Potheads have long celebrated their love of marijuana on April 20, but the once counter-culture celebration that was all about getting stoned now is so mainstream Corporate America is starting to embrace it, the Associated Press reports. Hallmark doesn’t have a card to mark “420,” but many other businesses inside and outside the multibillion-dollar cannabis industry are using April 20, or 4/20, to roll out marketing and social media messaging aimed at connecting with consumers who are driving the booming market. On Saturday, Lyft is offering a $4.20 credit on a single ride in Colorado and in select cities in the U.S. and Canada. Carl’s Jr. is using a Denver restaurant to market a hamburger infused with CBD, a non-intoxicating substance found in cannabis that many believe is beneficial to their health.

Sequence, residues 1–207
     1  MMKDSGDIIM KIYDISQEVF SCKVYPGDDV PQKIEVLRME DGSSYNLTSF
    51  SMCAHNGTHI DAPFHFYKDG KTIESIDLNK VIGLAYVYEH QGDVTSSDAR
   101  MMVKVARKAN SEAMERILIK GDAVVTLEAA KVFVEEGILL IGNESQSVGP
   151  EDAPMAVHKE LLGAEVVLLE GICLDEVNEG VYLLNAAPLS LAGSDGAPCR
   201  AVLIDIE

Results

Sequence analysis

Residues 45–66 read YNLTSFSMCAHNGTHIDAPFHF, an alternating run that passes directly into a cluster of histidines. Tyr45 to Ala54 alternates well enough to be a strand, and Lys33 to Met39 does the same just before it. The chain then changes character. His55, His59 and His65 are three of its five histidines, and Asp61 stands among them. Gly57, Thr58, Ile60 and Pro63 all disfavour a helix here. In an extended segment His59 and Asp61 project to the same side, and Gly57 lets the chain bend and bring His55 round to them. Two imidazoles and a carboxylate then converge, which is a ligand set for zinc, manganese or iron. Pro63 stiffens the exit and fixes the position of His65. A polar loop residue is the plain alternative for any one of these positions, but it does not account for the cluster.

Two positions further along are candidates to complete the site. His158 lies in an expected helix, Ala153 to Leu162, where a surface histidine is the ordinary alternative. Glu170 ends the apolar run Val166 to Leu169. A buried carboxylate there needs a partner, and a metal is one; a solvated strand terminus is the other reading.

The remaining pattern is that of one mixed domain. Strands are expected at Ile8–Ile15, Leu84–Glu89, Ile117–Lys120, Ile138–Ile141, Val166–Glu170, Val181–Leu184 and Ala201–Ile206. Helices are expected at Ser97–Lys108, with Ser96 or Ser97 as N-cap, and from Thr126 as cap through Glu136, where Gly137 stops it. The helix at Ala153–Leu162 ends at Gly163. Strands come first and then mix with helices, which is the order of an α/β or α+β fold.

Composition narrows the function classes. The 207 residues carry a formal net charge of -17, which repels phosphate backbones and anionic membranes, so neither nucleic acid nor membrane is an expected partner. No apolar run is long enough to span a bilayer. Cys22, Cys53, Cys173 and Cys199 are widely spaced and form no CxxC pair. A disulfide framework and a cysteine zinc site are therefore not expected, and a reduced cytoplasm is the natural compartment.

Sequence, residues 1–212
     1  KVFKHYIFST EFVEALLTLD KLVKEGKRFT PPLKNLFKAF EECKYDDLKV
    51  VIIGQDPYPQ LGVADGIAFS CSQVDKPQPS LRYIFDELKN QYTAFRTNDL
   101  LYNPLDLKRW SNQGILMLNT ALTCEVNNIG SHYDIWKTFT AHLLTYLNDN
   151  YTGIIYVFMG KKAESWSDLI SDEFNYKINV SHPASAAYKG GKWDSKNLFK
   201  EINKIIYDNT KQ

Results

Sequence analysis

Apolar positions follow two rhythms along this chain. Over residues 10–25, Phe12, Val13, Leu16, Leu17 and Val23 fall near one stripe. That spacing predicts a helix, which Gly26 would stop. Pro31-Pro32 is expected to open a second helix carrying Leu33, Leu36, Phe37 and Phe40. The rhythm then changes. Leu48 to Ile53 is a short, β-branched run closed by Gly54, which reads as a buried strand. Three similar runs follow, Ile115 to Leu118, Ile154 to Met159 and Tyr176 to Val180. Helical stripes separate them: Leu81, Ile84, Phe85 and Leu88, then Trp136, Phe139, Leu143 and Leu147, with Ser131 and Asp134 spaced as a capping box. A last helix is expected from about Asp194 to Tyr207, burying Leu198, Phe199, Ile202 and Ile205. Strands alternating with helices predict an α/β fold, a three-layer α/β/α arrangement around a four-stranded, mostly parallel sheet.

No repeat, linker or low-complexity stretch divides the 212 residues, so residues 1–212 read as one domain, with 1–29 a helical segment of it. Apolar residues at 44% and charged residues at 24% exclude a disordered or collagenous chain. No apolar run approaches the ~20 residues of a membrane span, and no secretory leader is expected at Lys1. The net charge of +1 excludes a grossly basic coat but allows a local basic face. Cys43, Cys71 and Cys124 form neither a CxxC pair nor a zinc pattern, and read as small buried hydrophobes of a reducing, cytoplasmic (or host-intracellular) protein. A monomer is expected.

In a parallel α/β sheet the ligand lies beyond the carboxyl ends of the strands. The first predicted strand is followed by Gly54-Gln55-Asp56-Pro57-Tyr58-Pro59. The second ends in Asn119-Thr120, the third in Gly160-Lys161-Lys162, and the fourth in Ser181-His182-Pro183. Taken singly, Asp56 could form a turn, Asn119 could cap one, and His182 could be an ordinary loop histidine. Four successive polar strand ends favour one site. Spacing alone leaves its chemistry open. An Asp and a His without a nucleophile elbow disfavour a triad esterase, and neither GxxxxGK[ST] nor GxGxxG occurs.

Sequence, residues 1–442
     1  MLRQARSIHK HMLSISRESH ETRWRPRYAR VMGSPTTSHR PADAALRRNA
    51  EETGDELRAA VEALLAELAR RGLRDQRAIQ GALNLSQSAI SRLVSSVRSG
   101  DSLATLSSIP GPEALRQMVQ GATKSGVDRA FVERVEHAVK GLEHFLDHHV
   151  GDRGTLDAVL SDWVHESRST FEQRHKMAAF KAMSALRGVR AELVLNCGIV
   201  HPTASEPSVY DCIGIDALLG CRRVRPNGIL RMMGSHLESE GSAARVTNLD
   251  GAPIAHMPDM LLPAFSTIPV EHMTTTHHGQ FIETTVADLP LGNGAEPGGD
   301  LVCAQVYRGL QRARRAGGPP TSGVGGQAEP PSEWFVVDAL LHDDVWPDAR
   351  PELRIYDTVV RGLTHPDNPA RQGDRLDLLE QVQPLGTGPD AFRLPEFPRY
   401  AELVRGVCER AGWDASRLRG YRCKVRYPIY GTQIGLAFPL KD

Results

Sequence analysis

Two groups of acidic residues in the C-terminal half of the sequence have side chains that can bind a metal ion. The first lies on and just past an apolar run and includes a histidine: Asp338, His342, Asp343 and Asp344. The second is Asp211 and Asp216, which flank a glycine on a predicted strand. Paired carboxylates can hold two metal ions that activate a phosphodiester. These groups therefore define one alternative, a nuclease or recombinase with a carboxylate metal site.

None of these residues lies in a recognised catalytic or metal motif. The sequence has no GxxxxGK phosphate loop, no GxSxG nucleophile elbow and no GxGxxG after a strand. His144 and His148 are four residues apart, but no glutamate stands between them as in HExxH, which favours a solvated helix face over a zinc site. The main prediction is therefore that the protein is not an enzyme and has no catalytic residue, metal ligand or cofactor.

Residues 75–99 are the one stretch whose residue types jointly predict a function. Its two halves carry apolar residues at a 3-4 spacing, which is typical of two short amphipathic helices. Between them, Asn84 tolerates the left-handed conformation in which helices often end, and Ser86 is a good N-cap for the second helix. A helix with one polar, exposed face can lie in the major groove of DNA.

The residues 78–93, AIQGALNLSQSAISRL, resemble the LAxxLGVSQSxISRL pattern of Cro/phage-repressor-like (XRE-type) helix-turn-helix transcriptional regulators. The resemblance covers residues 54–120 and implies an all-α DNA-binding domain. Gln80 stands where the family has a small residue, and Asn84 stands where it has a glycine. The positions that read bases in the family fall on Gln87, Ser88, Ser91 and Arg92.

“I think brands that associate themselves with cannabis kind of get that contact high. In other words, they’re just considered to be cooler by association,” said Kit Yarrow, a consumer psychologist at Golden Gate University. “As pot becomes more legal, more discussed, more interesting to people, more widely used, then 420 becomes more mainstream as well.” Marijuana normalization has risen markedly since 2012, when Colorado and Washington were the first states to legalize recreational use. Eight more followed, including California, Oregon and Michigan. Medical marijuana is legal in two-thirds of the states, with conservative-leaning Utah and Oklahoma among recent additions. The CBD market has exploded. CBD oil can be found in candies, coffee and other food, drinks and dietary supplements, along with perfume, lotions, creams and soap. U.S. retail sales of cannabis products jumped to $10.5 billion last year, a threefold increase from 2017, reports Arcview Group, a cannabis investment and market research firm. The figures do not include retail sales of hemp-derived CBD products.